Friday, November 07, 2014

2 Japanese Nuclear Reactors Approved For Restart

Japanese Prime Minister Shinzo Abe has described nuclear power as essential to economic growth because Japan is now relying mostly on imported natural gas and coal for power.

One of the last major hurdles to restarting nuclear reactors in Japan was cleared Friday when a southern prefecture gave its approval.  Kagoshima prefecture’s decision clears the way for two reactors operated by Kyushu Electric Power Co. to reopen as soon as early next year, giving the nation its first electricity from nuclear power since September 2013 when the last of 48 reactors went offline.

Japan toughened safety regulations after the March 2011 triple meltdown at the Fukushima Daiichi nuclear power plant. The two reactors in the Kagoshima prefecture city of Satsuma Sendai cleared the regulations earlier this year.

Polls have consistently shown the public opposed to nuclear restarts by a 2-to-1 margin. In a poll conducted Oct. 18-19 by Kyodo News, 60% of respondents said they were against restarts, while 31% were in favor. Still, in the same poll, 48% said they supported the Abe administration, in line with other recent polls.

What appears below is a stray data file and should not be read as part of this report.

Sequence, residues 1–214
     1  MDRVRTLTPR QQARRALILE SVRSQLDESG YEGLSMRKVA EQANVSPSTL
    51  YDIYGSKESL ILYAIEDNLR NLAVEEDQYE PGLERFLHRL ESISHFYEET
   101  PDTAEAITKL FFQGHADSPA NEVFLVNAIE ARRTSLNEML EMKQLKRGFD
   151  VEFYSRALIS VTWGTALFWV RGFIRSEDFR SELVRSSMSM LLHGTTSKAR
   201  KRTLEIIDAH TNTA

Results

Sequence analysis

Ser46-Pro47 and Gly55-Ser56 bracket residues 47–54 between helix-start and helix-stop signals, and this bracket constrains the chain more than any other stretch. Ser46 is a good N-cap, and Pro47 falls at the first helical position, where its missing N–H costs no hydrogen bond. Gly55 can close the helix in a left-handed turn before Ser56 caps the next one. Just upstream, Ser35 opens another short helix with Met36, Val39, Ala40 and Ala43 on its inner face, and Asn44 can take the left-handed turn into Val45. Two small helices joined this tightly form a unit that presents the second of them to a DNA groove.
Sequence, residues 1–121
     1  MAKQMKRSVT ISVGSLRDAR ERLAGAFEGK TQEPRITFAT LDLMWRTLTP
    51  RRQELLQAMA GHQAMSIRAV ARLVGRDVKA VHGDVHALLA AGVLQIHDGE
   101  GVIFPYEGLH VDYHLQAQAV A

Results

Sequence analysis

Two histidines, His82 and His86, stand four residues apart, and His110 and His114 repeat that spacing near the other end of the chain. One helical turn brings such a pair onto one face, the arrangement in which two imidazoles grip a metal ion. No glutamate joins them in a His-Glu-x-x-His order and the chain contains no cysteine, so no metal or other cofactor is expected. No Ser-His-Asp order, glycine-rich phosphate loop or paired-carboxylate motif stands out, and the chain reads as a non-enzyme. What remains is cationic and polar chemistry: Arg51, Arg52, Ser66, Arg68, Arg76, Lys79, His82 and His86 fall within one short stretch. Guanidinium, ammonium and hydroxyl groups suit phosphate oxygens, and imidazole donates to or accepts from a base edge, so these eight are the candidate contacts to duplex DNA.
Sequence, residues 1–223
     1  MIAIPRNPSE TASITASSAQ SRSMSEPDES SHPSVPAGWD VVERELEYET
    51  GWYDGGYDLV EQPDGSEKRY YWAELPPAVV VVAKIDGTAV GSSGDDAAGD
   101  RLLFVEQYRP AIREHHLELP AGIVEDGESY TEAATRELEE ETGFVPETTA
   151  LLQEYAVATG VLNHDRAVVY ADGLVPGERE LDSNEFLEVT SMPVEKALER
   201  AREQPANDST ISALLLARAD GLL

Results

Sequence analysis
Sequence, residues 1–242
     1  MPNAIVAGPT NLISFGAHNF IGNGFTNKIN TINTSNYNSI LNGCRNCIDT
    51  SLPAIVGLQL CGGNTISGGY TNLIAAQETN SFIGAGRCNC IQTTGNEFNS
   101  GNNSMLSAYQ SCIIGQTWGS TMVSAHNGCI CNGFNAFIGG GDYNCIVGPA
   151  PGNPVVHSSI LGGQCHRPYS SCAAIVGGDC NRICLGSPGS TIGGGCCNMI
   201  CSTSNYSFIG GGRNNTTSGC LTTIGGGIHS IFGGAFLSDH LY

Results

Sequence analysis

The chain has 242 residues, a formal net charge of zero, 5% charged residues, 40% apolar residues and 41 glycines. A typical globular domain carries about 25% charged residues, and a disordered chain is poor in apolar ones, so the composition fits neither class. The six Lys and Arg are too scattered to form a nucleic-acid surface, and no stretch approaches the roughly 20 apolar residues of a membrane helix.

Other power companies hope to follow Kyushu Electric Power’s lead and reopen reactors next year. However, many of the nation’s 48 reactors are aging or located in seismically sensitive zones, and it is unclear when, if ever, the nation will once again get a significant portion of its power from nuclear plants.

The nuclear outages have hit the local economies of cities where plants are located, and electricity prices nationwide have risen some 20% since 2011 to cope with the rising cost of imported fuel.  (WSJ, 11/7/2014)

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